A real fixer upper...

Please note the review below may contain minor spoilers - but honestly who cares with this one.

The sequel to duo-hitman, action thriller The Mechanic - which released back in 2011, which itself is a reboot of the 1972 classic - graces us with its presence, armed with a new director and writers but with stalwart Statham still at the helm, to once again beat up a line of henchmen in even more outlandish ways as we dive into Mechanic: Resurrection.

Following on from the events of the first film, Arthur Bishop (Jason Statham) - after faking his death - is now living a murder-free life as a boat operator in Rio, Brazil - complete with accent in tow. It isn’t long though, until that life of luxury he has built for himself comes to a screeching halt, when approached by a beautiful woman (Yayaying Rhatha Phongam) during breakfast, who threatens to expose his peaceful existence unless he completes a certain task for her boss (Crain played by Sam Hazeldine) - who himself has ties to Bishop’s own murky past.

But Bishop is not a man for following orders - until the script later calls for it of course - as he proceeds to use frying pans, chairs, tables and all manner of cutlery to cut down the thugs before him, then capping off his performance with a swan dive off a mountainside - presumably to his death - but nope good job there was a paraglider in the area!

Feeling threatened, Bishop does what any man on the run would do; visit his vacation hut on a beautiful island in Thailand. There he meets acquaintance Mei ( Michelle Yeoh) who is… well I’m not sure what purpose she serves or her motivation, after all this is a movie about Jason Statham kicking bad guys in the face, not a comprehensible story with fleshed out, believable characters.

Speaking of unbelievable characters, enter Gina (Jessica Alba) a beautiful damsel in distress who helps children in war torn countries - straight out of a Unicef advert - who makes men fall in love with her in a matter of minutes. Bishop is too coy for such things mind you, he’s seen this movie before - and even divulges to Gina exactly how it’s all going to go down - but selective amnesia is a real hassle in his profession, so he decides to go along with it all anyway, because in truth as much as Bishop doesn’t like to admit it, he enjoys racking up a kill count on as many continents as possible - oh and there’s not a single mechanic in the whole movie, talk about false advertising.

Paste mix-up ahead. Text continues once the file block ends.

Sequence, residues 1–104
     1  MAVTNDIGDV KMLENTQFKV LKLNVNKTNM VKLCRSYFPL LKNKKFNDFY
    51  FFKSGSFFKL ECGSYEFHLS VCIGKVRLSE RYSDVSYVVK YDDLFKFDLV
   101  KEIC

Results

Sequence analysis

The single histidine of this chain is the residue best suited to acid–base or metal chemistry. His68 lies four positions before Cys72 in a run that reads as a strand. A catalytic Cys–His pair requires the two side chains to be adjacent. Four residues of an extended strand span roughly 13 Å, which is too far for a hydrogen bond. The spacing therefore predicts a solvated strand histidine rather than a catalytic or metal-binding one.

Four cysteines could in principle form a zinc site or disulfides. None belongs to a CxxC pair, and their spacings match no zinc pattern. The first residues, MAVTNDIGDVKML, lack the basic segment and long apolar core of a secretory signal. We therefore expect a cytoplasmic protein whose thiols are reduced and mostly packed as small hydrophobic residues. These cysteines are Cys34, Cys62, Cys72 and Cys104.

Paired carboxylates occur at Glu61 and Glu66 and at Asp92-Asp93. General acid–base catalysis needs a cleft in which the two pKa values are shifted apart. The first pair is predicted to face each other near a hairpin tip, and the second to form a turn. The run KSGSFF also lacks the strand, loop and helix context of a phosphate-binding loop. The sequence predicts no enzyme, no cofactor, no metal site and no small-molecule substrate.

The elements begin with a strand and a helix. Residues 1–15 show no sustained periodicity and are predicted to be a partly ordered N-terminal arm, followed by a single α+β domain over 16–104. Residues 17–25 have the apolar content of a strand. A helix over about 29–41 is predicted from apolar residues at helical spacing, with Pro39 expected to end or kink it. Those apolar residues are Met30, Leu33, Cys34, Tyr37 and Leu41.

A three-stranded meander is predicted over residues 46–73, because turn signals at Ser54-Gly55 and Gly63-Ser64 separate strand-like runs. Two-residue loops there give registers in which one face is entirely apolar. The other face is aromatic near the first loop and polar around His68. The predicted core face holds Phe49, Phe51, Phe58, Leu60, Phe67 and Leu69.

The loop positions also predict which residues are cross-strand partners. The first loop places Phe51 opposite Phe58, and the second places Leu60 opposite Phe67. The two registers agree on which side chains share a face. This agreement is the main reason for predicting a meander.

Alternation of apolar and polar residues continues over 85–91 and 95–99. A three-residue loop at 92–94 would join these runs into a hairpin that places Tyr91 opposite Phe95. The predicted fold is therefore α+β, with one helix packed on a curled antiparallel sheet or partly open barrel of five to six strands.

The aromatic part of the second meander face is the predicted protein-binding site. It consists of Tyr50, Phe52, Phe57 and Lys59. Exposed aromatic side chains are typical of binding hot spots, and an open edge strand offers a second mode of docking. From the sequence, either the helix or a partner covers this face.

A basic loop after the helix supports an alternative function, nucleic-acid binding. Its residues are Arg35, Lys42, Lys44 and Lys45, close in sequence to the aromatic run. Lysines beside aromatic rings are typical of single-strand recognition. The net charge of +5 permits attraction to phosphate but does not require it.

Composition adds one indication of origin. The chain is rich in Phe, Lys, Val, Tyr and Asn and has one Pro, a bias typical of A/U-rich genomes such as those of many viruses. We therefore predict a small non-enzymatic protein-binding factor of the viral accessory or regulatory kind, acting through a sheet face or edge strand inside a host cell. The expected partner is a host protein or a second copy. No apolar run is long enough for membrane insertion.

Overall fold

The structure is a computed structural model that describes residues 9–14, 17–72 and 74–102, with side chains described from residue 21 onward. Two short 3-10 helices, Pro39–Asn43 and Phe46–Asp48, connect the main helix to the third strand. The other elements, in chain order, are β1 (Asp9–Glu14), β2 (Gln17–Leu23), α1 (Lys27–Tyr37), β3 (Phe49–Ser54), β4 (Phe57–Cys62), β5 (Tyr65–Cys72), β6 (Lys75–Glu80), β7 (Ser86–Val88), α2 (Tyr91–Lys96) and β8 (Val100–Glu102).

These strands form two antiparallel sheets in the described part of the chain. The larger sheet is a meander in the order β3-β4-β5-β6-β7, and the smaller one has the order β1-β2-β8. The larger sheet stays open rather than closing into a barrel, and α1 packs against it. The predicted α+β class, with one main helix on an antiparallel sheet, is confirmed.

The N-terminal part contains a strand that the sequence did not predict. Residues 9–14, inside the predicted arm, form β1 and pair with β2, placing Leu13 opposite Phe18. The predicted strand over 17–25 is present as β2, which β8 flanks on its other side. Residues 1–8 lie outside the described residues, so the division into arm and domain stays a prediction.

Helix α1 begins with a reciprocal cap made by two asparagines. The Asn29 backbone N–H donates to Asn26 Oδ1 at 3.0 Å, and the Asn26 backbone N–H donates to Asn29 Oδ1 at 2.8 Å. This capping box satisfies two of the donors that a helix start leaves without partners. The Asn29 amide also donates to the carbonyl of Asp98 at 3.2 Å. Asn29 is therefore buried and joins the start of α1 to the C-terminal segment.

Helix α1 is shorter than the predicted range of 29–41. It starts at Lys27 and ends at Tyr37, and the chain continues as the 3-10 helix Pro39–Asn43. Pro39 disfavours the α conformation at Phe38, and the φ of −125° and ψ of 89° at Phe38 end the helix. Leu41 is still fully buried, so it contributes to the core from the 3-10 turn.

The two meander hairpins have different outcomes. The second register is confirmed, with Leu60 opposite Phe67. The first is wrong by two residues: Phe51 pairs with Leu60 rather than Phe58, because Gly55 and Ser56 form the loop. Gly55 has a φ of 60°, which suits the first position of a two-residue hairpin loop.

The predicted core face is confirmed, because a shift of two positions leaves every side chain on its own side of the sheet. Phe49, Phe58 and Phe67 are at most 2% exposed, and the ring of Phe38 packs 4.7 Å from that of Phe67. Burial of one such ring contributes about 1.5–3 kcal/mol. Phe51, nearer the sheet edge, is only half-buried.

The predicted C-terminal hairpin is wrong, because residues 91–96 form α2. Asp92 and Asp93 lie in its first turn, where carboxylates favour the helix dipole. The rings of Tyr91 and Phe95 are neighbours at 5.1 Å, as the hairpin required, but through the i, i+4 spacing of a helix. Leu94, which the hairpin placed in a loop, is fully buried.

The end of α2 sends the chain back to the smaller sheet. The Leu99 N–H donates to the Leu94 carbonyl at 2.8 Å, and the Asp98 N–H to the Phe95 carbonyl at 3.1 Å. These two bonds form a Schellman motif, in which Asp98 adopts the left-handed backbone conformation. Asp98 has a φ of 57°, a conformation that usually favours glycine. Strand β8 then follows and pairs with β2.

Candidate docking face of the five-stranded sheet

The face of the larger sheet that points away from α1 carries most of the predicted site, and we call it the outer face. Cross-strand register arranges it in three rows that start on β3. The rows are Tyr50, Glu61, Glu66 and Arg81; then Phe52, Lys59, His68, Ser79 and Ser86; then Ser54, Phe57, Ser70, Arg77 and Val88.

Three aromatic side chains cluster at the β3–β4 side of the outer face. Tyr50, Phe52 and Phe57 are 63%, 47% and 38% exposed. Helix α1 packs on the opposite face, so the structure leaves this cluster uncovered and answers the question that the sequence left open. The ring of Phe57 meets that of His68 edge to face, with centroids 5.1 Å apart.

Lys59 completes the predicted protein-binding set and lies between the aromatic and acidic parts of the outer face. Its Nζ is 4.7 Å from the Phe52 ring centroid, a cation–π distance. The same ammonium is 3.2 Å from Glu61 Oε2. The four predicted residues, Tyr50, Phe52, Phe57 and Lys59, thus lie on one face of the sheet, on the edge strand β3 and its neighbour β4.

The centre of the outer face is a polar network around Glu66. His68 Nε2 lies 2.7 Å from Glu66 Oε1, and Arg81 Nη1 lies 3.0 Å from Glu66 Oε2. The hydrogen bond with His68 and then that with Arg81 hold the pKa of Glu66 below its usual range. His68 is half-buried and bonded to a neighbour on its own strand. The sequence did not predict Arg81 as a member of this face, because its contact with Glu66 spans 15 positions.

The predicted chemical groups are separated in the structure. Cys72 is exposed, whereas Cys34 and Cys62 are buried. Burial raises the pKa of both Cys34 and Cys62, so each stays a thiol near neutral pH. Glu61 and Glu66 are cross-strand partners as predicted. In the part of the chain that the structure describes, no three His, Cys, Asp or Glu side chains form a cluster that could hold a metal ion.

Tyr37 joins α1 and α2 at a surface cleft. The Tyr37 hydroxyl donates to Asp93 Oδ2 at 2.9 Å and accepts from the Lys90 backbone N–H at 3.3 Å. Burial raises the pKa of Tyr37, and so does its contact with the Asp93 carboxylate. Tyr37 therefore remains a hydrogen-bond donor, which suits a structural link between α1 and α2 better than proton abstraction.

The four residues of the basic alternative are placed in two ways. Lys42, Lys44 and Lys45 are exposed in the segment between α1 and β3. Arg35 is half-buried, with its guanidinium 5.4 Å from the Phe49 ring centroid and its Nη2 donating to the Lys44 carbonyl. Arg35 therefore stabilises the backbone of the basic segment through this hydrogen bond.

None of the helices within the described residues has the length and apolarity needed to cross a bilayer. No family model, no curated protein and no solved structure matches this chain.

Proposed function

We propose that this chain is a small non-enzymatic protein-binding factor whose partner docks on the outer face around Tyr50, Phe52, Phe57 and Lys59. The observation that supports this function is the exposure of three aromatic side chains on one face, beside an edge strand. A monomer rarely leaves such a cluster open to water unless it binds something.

It always amazes me how certain scripts even manage to get to the process of filming the thing, how does a company spend tens of millions on a movie before even reading a script? Do they have brain damage? Is Statham threatening them with a knife? Anyway, Mechanic: Resurrection is one such film.

Boasting as many writers as it does diverging plot elements, creating a poor drooling soul, suffering from multiple personality disorder - one step from a mental hospital - that includes your cliché - and I mean cliché to the point of parody - 80’s action film, an episode of Wish You Were Here...?, an episode of Mission Impossible, oh and one of the writers kids seemingly plays video games, so let's throw in multiple bosses and stages shall we? Mechanic: Resurrection would be a passable effort if it wasn’t so straight-laced, instead coming off as campy and so unintentionally hilarious that you would swear it's the action movie equivalent of the Scary Movie franchise.